Ensuring public safety will be the Department of Conservation's main imperative as it moves to regulate the disputed extraction process known as hydraulic fracturing, director Mark Nechodom said in a letter to Senate President Pro Tem Darrell Steinberg on Friday.
Nechodom faced a barrage of questions about hydraulic fracturing, or fracking, during his confirmation hearing before the Senate Rules Committee last week. California is still in the early stages of regulating fracking, and several senators criticized the department's draft regulations as weak and vague.
Before the committee voted unanimously to advance Nechodom's nomination, Steinberg extracted a promise that Nechodom would put his commitment to public health in writing. The letter makes good on that promise, stating that "protection of public health and safety in all aspects of oil and gas production is the Department's paramount concern."
"These proposed regulations, coupled with the Department's existing well construction and facilities regulations, are designed to protect the public from release of any fluids, including fracking fluids," the letter continues.
Lawmakers wary of fracking are concerned that the extraction process, which involves injecting a mix of chemicals and water underground, risks contaminating public drinking water.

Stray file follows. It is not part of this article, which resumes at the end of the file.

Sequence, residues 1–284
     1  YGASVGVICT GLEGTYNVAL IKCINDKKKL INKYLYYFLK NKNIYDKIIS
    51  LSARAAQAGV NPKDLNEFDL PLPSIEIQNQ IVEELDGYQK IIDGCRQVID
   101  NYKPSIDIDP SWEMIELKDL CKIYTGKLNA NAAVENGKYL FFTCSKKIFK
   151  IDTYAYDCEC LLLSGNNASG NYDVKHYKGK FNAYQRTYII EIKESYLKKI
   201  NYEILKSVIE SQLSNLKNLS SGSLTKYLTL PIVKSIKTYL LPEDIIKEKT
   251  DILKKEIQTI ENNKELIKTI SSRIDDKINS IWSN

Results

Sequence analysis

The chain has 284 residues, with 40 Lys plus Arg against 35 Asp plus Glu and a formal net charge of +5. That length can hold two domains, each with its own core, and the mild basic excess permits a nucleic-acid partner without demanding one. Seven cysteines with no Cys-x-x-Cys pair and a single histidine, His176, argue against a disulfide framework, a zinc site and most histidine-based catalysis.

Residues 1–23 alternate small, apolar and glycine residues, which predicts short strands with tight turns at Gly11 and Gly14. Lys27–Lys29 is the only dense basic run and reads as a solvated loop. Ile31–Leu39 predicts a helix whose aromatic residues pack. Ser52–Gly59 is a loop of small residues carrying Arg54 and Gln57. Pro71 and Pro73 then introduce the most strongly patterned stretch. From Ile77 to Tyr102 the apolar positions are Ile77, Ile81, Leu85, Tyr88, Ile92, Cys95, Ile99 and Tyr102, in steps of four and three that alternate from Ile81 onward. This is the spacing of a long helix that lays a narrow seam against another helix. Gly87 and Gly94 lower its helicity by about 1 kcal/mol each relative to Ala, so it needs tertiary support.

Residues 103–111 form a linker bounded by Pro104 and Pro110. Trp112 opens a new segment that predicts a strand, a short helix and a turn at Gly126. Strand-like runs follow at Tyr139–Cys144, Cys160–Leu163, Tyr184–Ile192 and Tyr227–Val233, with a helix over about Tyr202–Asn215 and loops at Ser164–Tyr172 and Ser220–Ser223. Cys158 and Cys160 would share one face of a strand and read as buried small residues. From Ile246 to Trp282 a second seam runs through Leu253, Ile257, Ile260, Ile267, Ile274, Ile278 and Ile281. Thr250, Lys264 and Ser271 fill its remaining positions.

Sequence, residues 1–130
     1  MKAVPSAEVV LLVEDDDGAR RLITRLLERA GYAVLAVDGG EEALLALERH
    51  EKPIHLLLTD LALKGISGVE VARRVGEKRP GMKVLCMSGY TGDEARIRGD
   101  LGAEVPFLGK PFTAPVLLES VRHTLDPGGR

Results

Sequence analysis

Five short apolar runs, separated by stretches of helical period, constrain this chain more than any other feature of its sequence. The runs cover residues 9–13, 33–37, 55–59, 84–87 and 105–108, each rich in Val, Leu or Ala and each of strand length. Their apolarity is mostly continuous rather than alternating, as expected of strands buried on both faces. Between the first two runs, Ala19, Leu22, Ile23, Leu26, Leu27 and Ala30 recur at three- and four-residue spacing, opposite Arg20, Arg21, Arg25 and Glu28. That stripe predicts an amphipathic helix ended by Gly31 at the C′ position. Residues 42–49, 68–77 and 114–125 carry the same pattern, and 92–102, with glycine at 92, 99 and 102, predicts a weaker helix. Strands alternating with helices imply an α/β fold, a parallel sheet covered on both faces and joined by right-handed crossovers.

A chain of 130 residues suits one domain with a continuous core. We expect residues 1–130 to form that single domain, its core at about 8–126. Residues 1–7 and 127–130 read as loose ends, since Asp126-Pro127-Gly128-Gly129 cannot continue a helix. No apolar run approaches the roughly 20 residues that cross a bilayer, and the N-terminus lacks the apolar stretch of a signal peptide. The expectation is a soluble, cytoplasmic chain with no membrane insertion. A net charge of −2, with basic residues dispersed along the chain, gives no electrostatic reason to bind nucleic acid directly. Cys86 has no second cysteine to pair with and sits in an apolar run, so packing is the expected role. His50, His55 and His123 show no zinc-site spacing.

Energy companies do not have to disclose the exact mix of chemicals they use, and senators last week pushed back on Nechodom's contention that information about fracking chemicals is a protected trade secret. The letter signals a willingness to strike a balance.
"I share the committee's view that the protection of public health and safety not be overshadowed by concerns abut trade secret protections," Nechodom writes in the letter. "Therefore, as I stated at the hearing, the Department will keep health and safety as our first priority as we develop the regulations."
As head of the Department of Conservation, Nechodom is California's top fracking regulator. He ascended to the post last year after Gov. Jerry Brown dismissed then-director Derek Chernow, who resisted Brown's urge to speed up the permitting process.
You can read the letter below: